In general, humans like to categorize using dichotomies; an object is placed in one group or another. As an undergraduate student preparing to be a science teacher, I classified plants using dichotomous keys for a particular botany class, hours examining specimens (usually alone and with coffee) to decide if each demonstrated a trait described in the book, and then proceeding to a different section in the book depending on the characteristics of the plant and continuing until the species was identified. At the same time, I was a student in education. Classmates and I debated various questions about teaching and learning, hours discussing (with others and with coffee) whether education is a science or an art (for example). Rather than being merely a speculative conversation among undergraduates, how one answers the question “Is education a science or an art?” has important implications for how one approaches the process of education and how one seeks to improve education.
Those who argue education is a science typically hold that education can be understood as the process of implementing practices following the guidelines outlined by well-known principles that embody cause-and-effect relationships. Education-as-science approaches curriculum and instruction as a predictable endeavor: If an educator undertakes a particular instructional activity in a classroom, then a known outcome will be observed in the students. According to this view, teaching can be reduced to taking well-established and highly controllable actions and the effects of those actions can be measured with reliability and validity (the same actions can produce the same result when repeated with other populations in similar settings and the action does actually cause the effect that is measured). Advocates of education-as-science also tend to predict that the same pedagogy can be used with all students and in all curriculum areas; this stance views curriculum and instruction as neutral.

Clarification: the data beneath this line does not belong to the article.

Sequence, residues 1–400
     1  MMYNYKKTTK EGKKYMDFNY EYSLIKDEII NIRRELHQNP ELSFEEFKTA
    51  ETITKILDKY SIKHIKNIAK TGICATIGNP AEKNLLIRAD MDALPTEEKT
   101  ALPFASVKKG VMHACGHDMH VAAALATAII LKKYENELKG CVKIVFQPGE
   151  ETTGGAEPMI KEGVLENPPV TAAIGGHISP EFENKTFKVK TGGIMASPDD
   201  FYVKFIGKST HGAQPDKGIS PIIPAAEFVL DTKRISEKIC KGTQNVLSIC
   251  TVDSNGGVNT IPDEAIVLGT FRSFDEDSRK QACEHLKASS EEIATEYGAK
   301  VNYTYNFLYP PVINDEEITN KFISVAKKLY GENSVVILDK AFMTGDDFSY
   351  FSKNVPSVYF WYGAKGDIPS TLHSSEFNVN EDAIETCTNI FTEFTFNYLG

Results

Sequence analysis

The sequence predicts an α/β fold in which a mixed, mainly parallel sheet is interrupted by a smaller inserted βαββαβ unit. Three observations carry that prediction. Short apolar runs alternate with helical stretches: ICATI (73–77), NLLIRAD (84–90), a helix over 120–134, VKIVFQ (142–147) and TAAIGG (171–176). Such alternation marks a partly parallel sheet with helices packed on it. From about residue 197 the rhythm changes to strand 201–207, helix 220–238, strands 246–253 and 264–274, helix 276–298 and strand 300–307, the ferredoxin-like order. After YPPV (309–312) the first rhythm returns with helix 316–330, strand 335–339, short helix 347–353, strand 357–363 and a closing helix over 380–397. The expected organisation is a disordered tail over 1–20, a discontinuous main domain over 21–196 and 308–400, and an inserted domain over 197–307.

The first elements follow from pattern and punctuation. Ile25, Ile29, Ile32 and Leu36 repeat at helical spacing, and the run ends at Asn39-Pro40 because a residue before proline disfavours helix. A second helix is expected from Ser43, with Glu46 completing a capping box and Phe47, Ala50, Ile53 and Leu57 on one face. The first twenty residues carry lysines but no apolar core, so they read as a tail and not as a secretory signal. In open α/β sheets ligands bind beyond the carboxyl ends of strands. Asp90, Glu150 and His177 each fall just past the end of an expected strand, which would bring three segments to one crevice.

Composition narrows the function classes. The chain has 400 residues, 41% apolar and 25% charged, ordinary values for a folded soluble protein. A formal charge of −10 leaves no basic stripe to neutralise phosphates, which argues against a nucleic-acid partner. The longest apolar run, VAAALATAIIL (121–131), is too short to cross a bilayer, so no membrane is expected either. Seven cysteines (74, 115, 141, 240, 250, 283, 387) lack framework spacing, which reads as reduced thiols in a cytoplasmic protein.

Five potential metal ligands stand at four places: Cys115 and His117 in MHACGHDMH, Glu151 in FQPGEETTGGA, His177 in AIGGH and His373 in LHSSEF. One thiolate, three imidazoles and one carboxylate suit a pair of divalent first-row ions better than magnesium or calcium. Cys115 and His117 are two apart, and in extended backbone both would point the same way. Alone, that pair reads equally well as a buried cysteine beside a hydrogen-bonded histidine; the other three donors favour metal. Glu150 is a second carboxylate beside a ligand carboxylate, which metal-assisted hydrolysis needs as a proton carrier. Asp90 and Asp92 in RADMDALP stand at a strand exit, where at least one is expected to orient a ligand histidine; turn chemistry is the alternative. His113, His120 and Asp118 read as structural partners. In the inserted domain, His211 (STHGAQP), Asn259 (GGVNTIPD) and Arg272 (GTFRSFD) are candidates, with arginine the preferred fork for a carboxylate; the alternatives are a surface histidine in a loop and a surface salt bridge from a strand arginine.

Those who argue that education is an art typically hold that the reduction of teaching to well-known causes and effect relationships is not possible, and that effective education cannot be described as well-established principles and only through observation and insight can one be an effective educator. Further, those who believe education is an art hold that it is difficult to measure learning and that the factors influencing effective teaching are difficult to deconstruct and control; this stance views curriculum and instruction as non-neutral. Although this debate can sometimes lead to a deeper understanding of the characteristics of education for all stakeholders, it does suggest that education is either one or the other; but that is a false dichotomy. In the 21st century, a third option must be recognized: education is a technology.
This idea… that education can be understood as a technology… will be explored in forthcoming posts.